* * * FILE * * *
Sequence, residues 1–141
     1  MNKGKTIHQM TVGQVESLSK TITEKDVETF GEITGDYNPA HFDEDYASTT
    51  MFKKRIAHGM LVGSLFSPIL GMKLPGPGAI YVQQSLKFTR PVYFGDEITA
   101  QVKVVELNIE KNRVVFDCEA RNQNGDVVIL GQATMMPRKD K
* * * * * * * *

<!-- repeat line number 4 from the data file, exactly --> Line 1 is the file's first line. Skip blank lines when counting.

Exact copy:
   101  QVKVVELNIE KNRVVFDCEA RNQNGDVVIL GQATMMPRKD K